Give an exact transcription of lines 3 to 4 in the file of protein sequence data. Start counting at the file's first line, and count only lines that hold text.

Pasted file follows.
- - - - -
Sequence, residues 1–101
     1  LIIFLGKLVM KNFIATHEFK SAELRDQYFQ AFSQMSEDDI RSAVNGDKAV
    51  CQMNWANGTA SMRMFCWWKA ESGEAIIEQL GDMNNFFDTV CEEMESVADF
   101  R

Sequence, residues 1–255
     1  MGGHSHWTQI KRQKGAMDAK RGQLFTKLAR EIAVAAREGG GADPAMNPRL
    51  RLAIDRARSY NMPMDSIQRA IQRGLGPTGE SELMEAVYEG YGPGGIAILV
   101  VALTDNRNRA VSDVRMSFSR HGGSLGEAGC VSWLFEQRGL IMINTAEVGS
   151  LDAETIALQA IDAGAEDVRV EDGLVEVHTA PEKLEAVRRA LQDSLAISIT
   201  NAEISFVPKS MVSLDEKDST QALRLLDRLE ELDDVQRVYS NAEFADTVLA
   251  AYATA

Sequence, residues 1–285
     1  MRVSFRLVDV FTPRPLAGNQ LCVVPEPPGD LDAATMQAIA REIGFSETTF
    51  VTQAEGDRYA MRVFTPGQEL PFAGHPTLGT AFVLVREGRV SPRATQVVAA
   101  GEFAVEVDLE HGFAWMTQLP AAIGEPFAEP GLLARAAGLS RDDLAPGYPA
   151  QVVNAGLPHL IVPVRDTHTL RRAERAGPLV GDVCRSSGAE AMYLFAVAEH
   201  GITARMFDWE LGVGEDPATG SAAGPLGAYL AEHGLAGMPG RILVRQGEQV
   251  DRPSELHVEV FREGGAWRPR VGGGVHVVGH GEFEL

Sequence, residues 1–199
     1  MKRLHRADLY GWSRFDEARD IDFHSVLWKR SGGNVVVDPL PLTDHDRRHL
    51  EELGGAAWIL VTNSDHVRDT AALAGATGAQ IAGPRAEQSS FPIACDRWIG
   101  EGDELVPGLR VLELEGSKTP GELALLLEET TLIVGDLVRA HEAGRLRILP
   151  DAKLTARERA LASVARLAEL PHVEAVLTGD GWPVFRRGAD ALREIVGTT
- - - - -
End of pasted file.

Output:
    51  CQMNWANGTA SMRMFCWWKA ESGEAIIEQL GDMNNFFDTV CEEMESVADF
   101  R